I bought a pellet waggler rod a while back in their Agility 2 series, and for it's price I was pleasantly surprised at the fittings and finish, and I couldn't ask for a better rod for its purpose.

I noticed on eBay you can get a 13' Agility 2 Match rod, described as a traditional, not power/carp, float rod for half price, £57.97.

https://www.ebay.co.uk/p/2600907192...gleloc=1006965&poi=&campaignid=9451487402&mkg
Cheers, I’ll have a look. Saw that you had posted a comment re. the Weaver Navigation. A fair bit of my yoof was spent with the tench at Hartford Bridge:)
 

nottskev

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Cheers, I’ll have a look. Saw that you had posted a comment re. the Weaver Navigation. A fair bit of my yoof was spent with the tench at Hartford Bridge:)
Long way from Cornwall? I loved fishing at Vale Royal - luscious countryside with all that Fred Dibnah architecture and engineering around the giant locks. And around the town centre and the Dane confluence. You could have different fishing everyday without travelling more than a mile to the different swims.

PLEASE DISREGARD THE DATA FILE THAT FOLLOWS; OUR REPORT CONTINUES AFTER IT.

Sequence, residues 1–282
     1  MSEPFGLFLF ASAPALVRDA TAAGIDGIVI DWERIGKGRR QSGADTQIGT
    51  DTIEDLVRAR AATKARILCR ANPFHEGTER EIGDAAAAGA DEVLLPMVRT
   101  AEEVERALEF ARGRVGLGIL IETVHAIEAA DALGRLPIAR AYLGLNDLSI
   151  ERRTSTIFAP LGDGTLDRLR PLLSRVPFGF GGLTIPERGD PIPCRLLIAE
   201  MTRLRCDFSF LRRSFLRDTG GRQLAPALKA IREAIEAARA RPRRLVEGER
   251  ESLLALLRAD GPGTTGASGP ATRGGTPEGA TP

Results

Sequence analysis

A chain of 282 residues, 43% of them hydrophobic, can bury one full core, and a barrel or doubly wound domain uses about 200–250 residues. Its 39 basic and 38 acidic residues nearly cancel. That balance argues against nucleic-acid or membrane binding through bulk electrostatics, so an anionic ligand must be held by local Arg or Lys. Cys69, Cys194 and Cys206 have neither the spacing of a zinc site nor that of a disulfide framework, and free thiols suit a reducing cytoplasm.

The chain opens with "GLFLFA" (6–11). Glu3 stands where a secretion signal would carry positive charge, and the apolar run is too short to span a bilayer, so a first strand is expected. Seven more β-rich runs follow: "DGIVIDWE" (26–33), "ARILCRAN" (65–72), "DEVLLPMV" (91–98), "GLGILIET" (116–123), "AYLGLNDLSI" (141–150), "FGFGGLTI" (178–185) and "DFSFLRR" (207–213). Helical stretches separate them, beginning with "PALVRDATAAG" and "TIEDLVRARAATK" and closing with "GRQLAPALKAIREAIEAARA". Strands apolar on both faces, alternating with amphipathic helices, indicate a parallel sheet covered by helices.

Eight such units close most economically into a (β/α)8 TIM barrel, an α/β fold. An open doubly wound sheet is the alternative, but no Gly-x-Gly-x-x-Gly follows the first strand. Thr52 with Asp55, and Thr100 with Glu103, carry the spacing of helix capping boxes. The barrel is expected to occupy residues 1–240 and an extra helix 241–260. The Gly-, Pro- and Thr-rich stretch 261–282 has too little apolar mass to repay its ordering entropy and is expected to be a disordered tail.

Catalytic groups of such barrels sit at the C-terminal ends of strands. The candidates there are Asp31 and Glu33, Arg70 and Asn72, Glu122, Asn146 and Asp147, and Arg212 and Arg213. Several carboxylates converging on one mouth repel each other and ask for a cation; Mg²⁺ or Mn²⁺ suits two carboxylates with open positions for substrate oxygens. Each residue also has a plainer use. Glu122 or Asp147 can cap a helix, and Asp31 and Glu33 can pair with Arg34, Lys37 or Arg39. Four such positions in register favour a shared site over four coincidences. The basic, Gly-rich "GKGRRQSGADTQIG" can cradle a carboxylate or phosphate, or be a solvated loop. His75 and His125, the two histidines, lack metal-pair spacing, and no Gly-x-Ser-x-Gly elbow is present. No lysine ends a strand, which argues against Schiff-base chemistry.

wetthrough

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Regarding the Greys 13ft, would it clearly noticeable (bigger hole in the bank account aside) of going lighter say a Cadence CR10 # 1 or a Garbolino Altima Match 3s light?
Not sure whether we're talking about he same rod but I have an Altima Match 13' Light and the Greys Toreon 13' Float. The Altima is lighter in the hand and has a more forgiving action then the Greys, better suited IMO to the lighter lines you might be using. I use the Toreon when fishing at distance and depth (float) as it picks the line up better being a little beefier. The Toreon is a good all rounder and even though Greys spec' it at 8lb line I'd say that's on the high side.